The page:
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A call to action

Building evidence for use of simulation in nurse practitioner education

Jeffries, Pamela R. PhD, RN, FAAN, ANEF, FSSH (Dean and Professor)1,2; Bigley, Mary Beth DrPH, APRN, FAAN (Chief Executive Officer)3; McNelis, Angela M. PhD, RN, FAAN, ANEF, CNE (Professor and Associate Dean)1; Cartier, Jeanne M. PhD, APRN, PMHNP-BC (Associate Professor/Graduate Faculty, DNP Coordinator and Dr. Donald B. Williams/LEQSF Regents Professorship)4; Pintz, Christine PhD, RN, FNP-BC, FAANP (Professor)1; Slaven-Lee, Pamela W. DNP, FNP-C, CHSE, FAANP (Senior Associate Dean and Clinical Associate Professor)1,2; Zychowicz, Michael E. DNP, ANP, ONP, FAAN, FAANP (Professor & Director, Lead Faculty, and Director)5

Journal of the American Association of Nurse Practitioners: November 2019 - Volume 31 - Issue 11 - p 627–632
doi: 10.1097/JXX.0000000000000335
Brief Report

ABSTRACT Leaders from national nursing organizations, nursing schools, and health care simulation vendors convened in early 2019 to discuss simulation in nurse practitioner (NP) education. Nurse practitioner clinical education needs a more standardized, efficient, and sustainable model to prepare NPs to provide quality care in complex health care systems. Currently, a major shortage of clinical sites and preceptors to educate students creates challenges for NP programs and nursing faculty. One strategy used by nursing programs to overcome this challenge is using simulation to provide clinical training for NP students in a safe, controlled environment. There remains, however, a lack of evidence linking these simulation experiences with clinical skills acquisition and program outcomes. Implementing competency-based education through standardized simulations has the potential to demonstrate quality, safety, and accountability across NP education programs. Ultimately, the expansion and acceptance of simulation hours in NP education is dependent on strong and favorable evidence from rigorous, high-quality studies.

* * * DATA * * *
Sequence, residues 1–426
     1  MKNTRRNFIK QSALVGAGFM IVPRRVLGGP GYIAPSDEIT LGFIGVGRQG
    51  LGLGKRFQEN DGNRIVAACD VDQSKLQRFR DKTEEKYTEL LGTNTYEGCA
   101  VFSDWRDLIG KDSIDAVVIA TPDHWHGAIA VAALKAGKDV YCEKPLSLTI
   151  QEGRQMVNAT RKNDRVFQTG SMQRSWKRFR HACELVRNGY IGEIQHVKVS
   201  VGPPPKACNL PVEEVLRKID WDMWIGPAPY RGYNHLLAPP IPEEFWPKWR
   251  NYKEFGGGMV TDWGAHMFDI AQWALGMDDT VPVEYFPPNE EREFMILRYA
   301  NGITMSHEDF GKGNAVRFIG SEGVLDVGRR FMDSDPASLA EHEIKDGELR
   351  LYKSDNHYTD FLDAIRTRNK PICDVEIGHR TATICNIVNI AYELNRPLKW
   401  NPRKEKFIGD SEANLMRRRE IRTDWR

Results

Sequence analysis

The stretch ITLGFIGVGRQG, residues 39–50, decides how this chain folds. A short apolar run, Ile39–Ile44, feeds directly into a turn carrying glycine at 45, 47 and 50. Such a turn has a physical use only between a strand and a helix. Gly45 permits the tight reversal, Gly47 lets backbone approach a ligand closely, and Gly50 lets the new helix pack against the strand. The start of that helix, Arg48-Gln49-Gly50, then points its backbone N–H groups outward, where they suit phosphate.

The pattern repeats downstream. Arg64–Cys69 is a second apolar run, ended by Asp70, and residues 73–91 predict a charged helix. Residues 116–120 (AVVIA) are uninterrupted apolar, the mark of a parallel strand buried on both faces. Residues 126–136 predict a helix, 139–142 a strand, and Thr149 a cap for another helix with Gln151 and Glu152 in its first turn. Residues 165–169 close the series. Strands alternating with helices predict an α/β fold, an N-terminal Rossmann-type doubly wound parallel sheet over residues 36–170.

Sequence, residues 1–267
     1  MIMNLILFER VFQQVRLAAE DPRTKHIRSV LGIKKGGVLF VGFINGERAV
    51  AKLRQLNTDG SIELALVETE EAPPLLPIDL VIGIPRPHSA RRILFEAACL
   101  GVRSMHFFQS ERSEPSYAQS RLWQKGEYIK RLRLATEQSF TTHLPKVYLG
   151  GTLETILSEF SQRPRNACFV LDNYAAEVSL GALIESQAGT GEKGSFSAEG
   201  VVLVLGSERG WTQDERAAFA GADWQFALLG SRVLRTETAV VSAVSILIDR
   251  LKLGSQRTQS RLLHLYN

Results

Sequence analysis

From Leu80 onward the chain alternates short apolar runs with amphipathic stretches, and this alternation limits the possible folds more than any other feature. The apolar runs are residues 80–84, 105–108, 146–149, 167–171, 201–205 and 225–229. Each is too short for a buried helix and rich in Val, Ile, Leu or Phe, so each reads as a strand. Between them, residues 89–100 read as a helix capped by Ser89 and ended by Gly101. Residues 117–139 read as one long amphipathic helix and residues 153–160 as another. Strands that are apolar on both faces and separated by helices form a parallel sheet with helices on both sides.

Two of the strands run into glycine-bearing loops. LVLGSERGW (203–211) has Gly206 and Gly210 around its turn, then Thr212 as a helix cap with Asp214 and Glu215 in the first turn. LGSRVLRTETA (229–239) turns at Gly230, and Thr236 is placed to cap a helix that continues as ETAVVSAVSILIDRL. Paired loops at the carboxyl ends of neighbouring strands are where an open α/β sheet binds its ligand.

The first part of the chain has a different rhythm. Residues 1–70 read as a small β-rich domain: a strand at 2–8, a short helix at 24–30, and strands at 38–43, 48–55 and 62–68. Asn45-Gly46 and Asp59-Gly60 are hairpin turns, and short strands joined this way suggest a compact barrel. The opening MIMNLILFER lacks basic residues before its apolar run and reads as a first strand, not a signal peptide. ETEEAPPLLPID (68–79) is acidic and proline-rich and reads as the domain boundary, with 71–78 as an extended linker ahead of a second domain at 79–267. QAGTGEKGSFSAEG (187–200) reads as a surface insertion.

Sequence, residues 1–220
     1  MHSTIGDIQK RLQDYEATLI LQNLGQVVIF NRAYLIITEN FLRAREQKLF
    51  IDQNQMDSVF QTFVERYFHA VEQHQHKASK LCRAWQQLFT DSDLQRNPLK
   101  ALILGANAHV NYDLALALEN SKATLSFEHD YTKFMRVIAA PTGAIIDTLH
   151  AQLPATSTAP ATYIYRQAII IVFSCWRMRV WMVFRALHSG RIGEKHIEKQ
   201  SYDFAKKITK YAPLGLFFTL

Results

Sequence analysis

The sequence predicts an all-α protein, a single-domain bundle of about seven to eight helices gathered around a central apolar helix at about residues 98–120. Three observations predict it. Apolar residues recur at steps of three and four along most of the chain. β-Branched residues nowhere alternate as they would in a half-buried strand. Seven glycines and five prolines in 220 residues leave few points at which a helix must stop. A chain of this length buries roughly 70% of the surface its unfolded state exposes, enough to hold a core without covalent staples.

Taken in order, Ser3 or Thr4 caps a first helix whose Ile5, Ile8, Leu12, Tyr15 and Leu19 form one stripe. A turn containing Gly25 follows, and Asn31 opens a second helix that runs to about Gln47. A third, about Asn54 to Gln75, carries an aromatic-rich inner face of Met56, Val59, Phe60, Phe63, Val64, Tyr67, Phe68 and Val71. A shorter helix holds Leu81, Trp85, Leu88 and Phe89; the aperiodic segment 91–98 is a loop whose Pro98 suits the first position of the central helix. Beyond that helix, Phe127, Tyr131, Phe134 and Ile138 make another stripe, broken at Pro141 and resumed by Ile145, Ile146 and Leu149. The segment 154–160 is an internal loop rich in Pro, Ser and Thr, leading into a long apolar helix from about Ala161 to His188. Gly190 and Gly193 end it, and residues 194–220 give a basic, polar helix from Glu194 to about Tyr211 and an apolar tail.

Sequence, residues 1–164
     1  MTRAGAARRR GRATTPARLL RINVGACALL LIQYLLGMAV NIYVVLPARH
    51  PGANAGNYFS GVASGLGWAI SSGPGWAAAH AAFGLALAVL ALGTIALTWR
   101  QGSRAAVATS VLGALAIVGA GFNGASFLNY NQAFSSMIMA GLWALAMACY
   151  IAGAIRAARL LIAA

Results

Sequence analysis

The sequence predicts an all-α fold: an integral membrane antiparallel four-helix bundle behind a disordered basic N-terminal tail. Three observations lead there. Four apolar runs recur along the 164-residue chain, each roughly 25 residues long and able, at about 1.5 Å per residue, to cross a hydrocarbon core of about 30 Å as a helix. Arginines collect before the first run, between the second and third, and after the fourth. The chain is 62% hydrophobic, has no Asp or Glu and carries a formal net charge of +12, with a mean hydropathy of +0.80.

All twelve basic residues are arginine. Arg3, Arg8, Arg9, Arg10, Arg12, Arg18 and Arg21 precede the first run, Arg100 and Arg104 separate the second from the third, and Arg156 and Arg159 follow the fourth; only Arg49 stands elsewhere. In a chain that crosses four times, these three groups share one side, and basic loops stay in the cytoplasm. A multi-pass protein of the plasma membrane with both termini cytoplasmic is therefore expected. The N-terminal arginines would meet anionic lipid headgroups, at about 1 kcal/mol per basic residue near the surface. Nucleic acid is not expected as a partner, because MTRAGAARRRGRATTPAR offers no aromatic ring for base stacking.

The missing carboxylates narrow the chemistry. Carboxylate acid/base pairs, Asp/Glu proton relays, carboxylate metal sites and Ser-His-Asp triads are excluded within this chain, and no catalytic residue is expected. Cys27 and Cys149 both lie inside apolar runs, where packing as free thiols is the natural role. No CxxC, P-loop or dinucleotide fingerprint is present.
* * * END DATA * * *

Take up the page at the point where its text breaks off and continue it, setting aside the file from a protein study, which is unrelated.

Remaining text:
1The George Washington University School of Nursing, Washington, District of Columbia,

2VSTC, Ashburn, Virginia,

3National Organization of Nurse Practitioner Faculties, Washington, District of Columbia,

4Dr. Donald B. Williams/LEQSF Regents Professorship in Nursing College of Nursing and Allied Health Professions, University of Louisiana Lafayette, Lafayette, Louisiana,

5Duke University School of Nursing, Durham, North Carolina

Correspondence: Pamela R. Jeffries, PhD, RN, FAAN, ANEF, FSSH, The George Washington University School of Nursing 1919 Pennsylvania Avenue NW, Suite 500, Washington, DC 20006; E-mail:

Competing interests: The authors report no conflicts of interest.

Supplemental digital content is available for this article. Direct URL citations appear in the printed text and are provided in the HTML and PDF versions of this article on the journal's Web site (

Authors' contributions: P.R. Jeffries initiated the original manuscript. M. B. Bigley and A. McNelis did the final edits. All authors contributed to the writing of the manuscript. All authors revised the manuscript for submission.

Received April 02, 2019

Received in revised form August 19, 2019

Accepted August 22, 2019

© 2019 American Association of Nurse Practitioners
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